Most credit unions and building societies have a website. Are you up to date with recent changes in the law?
Have you included the right legal terms
and conditions of use?
Have you included the required disclosures under the Consumer Credit Code (for your credit products) and under the Corporations Act (for your deposit and advice products)?
Are you aware of the changes in the law that will allow you to streamline your customer processes?
Doing business on-line requires compliance with e-business rules as well as the standard laws.
In managing a website, you need legal advice on a range
- ownership and protection of your domain name, logo and trade mark;
- ownership of the design and content of your Website;
- contracting with a developer and Internet Service Provider;
- rights to use software and ordering and billing processes;
- dealing with search engines and linking;
- advertising arrangements;
- liability issues;
- consumer rights;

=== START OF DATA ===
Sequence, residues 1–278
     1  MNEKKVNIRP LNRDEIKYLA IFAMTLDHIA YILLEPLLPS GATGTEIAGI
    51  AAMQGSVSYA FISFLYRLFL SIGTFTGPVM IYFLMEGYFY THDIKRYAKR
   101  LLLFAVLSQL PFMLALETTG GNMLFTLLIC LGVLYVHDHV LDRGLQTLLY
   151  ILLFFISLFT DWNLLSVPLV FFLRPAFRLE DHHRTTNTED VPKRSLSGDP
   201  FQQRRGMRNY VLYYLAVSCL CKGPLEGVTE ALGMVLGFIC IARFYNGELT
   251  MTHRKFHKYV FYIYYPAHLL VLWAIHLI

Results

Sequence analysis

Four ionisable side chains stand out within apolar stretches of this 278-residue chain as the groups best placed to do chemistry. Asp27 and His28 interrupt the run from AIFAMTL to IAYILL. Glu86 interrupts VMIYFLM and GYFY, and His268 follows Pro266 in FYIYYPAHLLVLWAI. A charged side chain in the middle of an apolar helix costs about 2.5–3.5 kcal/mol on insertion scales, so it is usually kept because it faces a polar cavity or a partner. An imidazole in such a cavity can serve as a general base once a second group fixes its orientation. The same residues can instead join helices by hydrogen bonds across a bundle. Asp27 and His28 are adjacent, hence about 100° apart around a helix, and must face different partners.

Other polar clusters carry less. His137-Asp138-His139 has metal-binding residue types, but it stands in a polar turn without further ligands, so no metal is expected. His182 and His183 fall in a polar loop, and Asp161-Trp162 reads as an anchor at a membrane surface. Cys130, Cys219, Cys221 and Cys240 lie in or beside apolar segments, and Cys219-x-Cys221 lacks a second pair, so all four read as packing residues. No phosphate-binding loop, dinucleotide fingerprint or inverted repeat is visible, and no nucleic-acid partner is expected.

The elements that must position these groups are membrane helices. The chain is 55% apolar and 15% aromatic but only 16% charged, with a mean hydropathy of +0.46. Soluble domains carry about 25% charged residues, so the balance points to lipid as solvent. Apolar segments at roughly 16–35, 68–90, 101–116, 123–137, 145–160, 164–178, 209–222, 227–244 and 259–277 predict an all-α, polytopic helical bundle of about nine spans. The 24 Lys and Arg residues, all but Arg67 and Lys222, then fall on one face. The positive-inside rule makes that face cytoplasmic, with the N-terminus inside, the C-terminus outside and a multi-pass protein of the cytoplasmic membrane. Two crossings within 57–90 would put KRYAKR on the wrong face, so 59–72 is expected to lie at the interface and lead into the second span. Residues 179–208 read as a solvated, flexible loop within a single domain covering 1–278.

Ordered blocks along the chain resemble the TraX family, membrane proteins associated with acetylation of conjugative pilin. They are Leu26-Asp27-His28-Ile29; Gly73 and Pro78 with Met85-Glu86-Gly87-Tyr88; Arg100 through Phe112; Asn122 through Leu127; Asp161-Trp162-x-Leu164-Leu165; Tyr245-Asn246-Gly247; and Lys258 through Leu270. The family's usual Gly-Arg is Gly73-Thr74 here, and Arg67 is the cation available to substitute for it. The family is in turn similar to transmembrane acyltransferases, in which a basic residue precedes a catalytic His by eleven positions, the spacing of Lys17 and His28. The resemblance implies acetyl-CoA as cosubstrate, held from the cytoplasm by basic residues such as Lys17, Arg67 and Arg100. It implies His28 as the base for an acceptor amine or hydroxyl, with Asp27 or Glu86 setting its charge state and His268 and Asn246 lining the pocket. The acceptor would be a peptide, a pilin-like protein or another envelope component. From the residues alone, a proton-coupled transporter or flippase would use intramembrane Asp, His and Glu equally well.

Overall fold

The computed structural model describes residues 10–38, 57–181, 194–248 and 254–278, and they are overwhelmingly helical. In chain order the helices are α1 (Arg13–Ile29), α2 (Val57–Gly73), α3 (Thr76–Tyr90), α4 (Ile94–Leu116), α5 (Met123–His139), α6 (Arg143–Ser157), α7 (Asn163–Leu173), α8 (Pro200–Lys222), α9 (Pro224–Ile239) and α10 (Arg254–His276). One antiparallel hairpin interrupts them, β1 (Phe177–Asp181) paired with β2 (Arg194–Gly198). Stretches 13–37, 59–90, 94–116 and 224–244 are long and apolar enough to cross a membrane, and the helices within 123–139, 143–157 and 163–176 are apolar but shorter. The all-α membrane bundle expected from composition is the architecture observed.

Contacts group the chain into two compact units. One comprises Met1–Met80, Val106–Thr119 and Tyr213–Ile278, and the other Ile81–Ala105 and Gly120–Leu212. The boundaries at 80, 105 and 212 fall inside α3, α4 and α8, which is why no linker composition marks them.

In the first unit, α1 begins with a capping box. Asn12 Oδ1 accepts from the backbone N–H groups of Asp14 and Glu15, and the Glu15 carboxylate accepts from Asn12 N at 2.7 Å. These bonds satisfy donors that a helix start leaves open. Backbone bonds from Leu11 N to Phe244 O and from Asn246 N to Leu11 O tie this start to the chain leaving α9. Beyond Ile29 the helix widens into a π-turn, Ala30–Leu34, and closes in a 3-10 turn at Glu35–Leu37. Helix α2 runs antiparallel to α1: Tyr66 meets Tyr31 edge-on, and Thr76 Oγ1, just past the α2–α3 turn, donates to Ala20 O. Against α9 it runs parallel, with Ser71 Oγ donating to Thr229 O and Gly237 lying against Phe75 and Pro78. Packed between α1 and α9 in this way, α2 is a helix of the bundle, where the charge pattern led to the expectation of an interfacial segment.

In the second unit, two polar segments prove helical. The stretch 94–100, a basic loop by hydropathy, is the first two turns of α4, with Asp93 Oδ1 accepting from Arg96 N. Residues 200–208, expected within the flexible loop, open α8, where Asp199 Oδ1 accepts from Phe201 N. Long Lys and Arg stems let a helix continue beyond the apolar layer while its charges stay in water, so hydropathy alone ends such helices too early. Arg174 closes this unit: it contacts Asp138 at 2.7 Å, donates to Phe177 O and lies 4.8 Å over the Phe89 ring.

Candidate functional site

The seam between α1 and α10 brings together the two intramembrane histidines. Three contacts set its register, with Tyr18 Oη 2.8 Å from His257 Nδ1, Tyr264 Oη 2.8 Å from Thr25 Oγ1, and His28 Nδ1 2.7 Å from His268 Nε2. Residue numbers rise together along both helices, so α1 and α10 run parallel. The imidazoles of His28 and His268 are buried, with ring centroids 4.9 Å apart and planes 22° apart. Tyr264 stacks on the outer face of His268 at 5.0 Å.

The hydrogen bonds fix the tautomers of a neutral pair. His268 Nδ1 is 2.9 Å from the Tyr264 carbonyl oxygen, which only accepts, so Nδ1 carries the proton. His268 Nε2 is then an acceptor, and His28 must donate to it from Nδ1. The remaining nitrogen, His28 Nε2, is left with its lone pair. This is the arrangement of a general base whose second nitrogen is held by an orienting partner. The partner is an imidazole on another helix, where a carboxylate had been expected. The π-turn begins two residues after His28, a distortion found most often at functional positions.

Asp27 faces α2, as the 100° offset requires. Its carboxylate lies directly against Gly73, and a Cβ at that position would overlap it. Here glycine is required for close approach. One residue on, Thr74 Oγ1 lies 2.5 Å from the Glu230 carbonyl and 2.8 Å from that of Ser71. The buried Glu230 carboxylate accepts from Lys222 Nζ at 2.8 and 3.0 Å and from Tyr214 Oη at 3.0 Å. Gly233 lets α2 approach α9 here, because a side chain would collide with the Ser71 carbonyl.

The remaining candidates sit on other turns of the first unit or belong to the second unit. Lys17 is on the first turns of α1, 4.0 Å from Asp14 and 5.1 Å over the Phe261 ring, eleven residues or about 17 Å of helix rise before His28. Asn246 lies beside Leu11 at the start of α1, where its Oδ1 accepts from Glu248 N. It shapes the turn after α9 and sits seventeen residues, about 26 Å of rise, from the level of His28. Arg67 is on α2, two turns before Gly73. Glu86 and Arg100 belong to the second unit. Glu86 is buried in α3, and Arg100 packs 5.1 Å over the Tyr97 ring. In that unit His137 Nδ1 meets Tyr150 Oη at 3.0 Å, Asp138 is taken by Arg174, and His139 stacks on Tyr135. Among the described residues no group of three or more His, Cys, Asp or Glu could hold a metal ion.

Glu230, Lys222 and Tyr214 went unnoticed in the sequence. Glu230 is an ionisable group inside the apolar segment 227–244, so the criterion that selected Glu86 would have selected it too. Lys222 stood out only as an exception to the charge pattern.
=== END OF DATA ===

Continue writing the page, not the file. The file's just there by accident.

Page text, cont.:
- security issues;
- jurisdictional issues;
- defamation issues;
- disclosure of your business details;
- the enforceability of on-line contracts.
Companies put a lot of effort into making sure that their web
site is effective. But in addition to
making the site look and work properly, it’s equally important that you
comply with the wide range of laws imposed on web sites in Australia.
If you are APRA-regulated then in addition to the other applicable
laws your website needs to satisfy the corporate governance standards
and have regard to the ASX Governance Council Corporate Governance Principles and Recommendations.
If you are fundraising online then you need to comply with ASIC’s policies.
And from the end of the September 2008 quarter you need to make website disclosures about capital and credit management issues under APS 330.
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Posted 3rd July 2008 by David Jacobson in Legal, Web/Tech